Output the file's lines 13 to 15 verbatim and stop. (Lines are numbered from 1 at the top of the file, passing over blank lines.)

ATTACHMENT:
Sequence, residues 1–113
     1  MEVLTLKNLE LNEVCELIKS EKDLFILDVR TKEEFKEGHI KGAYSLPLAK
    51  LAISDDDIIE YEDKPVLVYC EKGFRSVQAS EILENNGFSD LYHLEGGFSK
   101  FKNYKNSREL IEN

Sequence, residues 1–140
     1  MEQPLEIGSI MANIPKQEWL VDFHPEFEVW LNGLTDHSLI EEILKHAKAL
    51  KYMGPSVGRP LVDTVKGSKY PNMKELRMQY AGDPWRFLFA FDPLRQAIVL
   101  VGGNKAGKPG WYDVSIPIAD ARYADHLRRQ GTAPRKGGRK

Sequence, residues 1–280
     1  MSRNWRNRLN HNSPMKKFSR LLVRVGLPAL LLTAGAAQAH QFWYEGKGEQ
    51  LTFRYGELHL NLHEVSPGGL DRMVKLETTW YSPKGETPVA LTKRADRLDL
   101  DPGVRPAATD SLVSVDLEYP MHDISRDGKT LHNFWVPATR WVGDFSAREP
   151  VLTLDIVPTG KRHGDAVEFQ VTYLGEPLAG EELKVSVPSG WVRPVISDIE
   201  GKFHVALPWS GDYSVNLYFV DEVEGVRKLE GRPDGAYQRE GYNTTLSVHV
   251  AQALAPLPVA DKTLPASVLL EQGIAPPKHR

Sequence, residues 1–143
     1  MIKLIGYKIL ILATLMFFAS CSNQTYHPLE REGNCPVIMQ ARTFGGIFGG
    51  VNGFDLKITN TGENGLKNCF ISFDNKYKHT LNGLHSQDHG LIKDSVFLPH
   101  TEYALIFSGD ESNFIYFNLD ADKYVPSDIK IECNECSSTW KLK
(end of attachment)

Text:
   151  VLTLDIVPTG KRHGDAVEFQ VTYLGEPLAG EELKVSVPSG WVRPVISDIE
   201  GKFHVALPWS GDYSVNLYFV DEVEGVRKLE GRPDGAYQRE GYNTTLSVHV
   251  AQALAPLPVA DKTLPASVLL EQGIAPPKHR